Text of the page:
If you can understand what that comment intends to communicate then congratulations.  I’m going to be honest and tell you I spent five minutes trying to make a coherent sentence to describe the structure and believe I have failed miserably.  The only way I could even remotely express what was being contained in the structure was to use the arrow notation at the end of the comment.  That only gives me the very basic information.  The fact that I was having trouble explaining the data structure should set off red flags that it is not a good data structure.  Also, notice the ridiculous name I had to give the property in order to clarify its meaning.  There are eight separate words in the name.  It explains the object but I tend to get lost in the middle or reading it.  Its way too long, even though it spells out our relationship.  Again, this is another red flag.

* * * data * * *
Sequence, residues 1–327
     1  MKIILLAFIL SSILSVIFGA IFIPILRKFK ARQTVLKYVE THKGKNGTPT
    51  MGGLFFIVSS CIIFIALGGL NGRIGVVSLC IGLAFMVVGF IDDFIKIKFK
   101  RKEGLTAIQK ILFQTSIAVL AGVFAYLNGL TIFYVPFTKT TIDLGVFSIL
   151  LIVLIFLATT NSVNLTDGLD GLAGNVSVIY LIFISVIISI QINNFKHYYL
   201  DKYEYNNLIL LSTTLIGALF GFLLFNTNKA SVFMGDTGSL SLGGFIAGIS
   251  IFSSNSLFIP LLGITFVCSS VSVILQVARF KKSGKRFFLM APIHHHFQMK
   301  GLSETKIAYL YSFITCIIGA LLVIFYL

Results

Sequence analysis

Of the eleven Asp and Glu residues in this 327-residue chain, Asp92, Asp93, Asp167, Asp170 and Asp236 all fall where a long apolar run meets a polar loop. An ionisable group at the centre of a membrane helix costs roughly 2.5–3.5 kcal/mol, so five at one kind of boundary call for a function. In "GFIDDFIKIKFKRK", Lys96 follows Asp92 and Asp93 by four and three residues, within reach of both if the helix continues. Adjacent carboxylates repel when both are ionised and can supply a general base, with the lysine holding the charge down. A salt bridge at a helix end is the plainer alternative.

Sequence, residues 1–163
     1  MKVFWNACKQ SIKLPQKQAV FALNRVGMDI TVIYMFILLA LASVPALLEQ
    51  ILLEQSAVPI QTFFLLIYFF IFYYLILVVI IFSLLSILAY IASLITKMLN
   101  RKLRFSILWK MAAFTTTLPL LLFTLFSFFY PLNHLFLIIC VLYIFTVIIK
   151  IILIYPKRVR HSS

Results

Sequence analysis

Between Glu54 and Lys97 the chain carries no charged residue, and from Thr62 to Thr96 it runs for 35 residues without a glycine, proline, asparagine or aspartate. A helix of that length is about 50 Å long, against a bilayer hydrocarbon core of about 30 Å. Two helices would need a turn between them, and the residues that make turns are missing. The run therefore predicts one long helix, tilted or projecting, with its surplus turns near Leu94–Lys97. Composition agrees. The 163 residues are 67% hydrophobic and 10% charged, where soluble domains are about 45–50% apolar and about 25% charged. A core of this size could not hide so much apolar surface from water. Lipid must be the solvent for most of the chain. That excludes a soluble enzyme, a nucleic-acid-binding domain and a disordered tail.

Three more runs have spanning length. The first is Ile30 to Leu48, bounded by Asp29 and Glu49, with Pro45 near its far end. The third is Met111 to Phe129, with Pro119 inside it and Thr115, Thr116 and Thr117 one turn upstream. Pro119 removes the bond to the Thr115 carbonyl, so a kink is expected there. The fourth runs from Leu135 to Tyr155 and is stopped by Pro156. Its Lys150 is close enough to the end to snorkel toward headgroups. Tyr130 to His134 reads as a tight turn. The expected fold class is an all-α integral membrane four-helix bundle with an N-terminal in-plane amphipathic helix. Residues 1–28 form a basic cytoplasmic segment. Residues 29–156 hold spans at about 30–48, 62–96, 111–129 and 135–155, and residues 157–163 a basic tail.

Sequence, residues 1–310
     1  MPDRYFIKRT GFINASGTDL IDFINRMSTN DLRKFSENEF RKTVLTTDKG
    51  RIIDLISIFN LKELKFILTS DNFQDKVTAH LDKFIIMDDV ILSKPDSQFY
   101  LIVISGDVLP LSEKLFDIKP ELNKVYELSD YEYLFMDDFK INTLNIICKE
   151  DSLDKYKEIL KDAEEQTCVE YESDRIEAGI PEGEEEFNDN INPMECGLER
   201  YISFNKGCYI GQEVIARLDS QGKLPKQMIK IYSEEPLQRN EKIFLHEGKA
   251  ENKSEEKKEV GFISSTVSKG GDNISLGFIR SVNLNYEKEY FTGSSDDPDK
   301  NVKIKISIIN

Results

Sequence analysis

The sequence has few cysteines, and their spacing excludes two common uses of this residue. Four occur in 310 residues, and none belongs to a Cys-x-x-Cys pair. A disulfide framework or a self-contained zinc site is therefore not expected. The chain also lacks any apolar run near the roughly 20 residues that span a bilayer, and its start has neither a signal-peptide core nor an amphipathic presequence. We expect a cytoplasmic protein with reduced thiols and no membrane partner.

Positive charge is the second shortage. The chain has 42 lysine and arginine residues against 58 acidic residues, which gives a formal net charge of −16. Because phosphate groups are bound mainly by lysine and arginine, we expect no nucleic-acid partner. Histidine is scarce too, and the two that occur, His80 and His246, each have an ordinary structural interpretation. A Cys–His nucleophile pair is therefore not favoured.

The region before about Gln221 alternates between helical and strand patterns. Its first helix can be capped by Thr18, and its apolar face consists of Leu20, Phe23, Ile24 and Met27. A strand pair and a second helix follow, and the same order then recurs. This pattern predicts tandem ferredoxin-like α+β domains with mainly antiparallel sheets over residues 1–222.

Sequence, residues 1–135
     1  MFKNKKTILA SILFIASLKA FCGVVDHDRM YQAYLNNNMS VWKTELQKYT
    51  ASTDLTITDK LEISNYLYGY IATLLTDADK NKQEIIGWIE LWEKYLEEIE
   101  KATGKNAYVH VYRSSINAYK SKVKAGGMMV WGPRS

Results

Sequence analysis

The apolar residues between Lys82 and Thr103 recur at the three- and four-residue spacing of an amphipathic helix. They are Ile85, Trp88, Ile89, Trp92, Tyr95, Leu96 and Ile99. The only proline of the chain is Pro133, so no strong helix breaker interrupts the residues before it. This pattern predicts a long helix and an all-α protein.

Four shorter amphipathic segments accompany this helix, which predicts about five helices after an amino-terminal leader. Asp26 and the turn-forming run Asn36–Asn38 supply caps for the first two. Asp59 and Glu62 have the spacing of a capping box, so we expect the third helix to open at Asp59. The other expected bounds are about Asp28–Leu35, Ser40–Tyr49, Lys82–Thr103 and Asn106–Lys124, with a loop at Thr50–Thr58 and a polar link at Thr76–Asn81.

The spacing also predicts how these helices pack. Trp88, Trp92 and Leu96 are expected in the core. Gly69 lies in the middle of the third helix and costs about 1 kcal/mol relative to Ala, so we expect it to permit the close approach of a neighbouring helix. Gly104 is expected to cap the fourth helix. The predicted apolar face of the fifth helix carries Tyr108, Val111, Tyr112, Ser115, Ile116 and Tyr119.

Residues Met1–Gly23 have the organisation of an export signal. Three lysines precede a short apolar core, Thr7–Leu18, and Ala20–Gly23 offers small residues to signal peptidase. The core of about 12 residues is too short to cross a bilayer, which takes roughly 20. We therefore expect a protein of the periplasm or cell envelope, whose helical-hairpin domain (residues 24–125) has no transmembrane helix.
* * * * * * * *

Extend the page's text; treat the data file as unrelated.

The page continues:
We are now beginning to see the HashMap of a HashMap of a HashMap problem.  We only have two levels of nesting with our HashMaps and we already are beginning to see that it is becoming unmanageable. 
Let’s take it one step further and see how this gets even more complex.  Say we want to add one more level of lookups to our data structure and map nationality to our previous structure.  For simplicities sake I’m just going to consider everyone with the same last name shares a nationality and I am going to use a string for nationality.  Obviously, this is not how the real world works and we’d probably create an enumeration for nationality.  This example is contrived, but we’ll live with it because I’m attempting to illustrate a problem that occurs when you have nested data relationships.  This is the important factor for our contrived example.  If we want a property that returns our new relationships we would then have:
public Dictionary<string, Dictionary<string, Dictionary<string, List<string>>>> NameMap { get; }